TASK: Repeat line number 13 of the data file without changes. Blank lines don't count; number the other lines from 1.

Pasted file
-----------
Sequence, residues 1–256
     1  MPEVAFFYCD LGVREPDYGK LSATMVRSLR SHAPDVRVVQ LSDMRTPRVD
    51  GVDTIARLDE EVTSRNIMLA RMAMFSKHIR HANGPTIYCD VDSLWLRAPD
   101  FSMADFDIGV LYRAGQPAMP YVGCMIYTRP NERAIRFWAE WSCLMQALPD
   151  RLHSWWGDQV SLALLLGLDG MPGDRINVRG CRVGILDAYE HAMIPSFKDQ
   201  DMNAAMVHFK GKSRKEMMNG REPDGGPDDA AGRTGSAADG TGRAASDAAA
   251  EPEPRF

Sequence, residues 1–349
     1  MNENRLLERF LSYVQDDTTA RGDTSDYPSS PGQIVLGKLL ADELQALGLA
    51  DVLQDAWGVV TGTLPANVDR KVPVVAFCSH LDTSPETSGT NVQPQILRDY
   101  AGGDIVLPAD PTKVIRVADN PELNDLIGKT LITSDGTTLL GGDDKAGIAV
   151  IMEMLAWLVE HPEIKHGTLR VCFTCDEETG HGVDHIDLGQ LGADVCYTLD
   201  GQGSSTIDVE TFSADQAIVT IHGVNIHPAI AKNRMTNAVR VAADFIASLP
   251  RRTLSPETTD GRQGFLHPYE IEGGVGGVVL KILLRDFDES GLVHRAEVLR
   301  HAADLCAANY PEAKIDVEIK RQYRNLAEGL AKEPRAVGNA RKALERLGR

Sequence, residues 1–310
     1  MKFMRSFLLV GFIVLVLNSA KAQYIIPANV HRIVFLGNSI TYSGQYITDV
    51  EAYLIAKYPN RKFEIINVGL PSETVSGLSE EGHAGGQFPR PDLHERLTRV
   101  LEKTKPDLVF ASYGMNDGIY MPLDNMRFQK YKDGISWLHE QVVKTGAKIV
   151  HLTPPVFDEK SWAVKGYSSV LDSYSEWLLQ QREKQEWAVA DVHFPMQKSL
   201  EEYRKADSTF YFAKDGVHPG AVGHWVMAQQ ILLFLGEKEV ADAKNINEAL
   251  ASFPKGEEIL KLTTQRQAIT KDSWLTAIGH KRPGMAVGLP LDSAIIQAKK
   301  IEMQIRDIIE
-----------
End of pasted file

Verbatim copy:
   201  GQGSSTIDVE TFSADQAIVT IHGVNIHPAI AKNRMTNAVR VAADFIASLP